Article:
How would you ever know what you are missing in your arsenal of capabilities if you do not stress-test the system with someone with a fresh perspective?
Quote from Vivek Bhogaraju of Expedia Group, in an article on PhocusWire this week.
11 uncomfortable truths about hotel revenue management
Bhogaraju's comments are related to one particular discipline in the hotel sector - but the remarks should be acknowledged in every corner of the travel, tourism and hospitality industry.
There are a number of uncomfortable truths in the industry, particularly around diversity (to its credit, Expedia is doing something about it) - but there is another element that points to the inward-looking nature of the business.
The travel sector is full of processes and historic relationships that often leave newbies scratching their heads as to how and why.
How has something that is inherently inefficient being allowed to continue? Why is nothing done about it?
The answer is generally a variation on the following: "That's the way it's always been done."
The lifeblood on any industry (as we've said before) is the startup culture that helps inject new ideas and thinking into the sector.
But this is fairly peripheral, in some respects.
As Bhogaraju notes, job descriptions for revenue managers often set a requirement of experience in the hotel sector, rather than thinking that someone outside of that sphere can actually make a difference.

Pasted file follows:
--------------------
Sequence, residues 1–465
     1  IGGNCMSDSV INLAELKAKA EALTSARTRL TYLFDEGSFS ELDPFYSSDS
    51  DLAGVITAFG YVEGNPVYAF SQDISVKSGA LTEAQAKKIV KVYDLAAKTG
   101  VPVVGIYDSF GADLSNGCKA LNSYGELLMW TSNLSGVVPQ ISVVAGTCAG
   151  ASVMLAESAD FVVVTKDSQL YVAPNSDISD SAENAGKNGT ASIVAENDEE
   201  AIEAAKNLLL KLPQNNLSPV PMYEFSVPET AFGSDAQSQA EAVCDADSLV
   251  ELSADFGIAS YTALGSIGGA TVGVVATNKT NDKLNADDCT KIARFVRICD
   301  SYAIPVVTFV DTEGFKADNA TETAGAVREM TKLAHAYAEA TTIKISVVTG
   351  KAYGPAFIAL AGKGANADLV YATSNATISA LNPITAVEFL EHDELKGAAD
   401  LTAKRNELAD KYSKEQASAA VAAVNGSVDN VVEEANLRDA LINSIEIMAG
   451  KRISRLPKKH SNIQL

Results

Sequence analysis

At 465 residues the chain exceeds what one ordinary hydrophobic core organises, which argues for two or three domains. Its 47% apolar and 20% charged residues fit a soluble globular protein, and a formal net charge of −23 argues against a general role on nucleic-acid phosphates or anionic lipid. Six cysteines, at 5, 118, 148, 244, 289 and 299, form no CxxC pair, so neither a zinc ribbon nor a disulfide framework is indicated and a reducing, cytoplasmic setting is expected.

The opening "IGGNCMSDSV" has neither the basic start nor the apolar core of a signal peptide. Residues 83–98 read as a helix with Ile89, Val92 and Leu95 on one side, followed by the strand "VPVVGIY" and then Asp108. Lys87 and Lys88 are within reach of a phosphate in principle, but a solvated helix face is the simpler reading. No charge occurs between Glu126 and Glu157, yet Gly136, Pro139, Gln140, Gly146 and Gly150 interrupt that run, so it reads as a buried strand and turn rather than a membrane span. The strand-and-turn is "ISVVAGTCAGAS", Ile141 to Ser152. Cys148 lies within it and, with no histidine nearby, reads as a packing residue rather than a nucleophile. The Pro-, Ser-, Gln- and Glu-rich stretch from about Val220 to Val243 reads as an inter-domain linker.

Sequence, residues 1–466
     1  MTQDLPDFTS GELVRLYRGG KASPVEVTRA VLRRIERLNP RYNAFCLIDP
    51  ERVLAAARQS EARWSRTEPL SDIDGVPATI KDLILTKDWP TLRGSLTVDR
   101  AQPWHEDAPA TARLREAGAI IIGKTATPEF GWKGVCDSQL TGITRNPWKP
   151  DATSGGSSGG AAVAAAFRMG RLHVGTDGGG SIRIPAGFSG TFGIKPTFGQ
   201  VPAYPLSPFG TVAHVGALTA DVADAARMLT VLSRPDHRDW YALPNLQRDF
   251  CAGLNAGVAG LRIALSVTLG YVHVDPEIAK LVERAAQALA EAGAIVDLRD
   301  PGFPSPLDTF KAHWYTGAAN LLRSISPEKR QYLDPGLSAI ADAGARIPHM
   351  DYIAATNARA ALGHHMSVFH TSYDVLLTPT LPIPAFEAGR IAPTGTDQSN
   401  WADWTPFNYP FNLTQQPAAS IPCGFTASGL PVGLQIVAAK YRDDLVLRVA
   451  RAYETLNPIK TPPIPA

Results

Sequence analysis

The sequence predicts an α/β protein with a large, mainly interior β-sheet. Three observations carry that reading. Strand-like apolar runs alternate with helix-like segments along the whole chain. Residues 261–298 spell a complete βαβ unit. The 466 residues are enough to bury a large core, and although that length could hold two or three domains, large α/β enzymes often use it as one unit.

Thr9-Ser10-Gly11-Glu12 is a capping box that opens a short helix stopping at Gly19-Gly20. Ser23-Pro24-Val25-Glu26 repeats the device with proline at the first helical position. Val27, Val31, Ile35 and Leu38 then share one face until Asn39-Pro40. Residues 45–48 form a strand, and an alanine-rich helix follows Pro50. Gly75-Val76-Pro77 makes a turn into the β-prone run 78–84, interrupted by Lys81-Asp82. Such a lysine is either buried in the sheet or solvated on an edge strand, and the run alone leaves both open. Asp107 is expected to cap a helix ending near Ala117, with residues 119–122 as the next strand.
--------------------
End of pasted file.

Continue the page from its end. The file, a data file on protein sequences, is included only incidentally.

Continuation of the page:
Revenue management is not alone, as we highlighted above.
Sure, people from outside of the industry are recruited to influential positions all the time (and many leave), yet a culture required to allow external thinking to alter many of the old processes is difficult to find at scale.
This is beginning to change in a few areas, with chief digital officers (or an equivalent role) being brought in to handle so-called "digital transformation" programs.
Yet, as has been recalled privately on many occasions, such a radical overhaul of a business - or, indeed, an entire strand of the industry - requires the "buy-in" of those who have more than a passing interest in things remaining the same.
That is, therefore, perhaps the biggest challenge of all - not the practice of recruiting new people from out of state, but changing the mindset of those who are eager to keep Kansas just the way it is.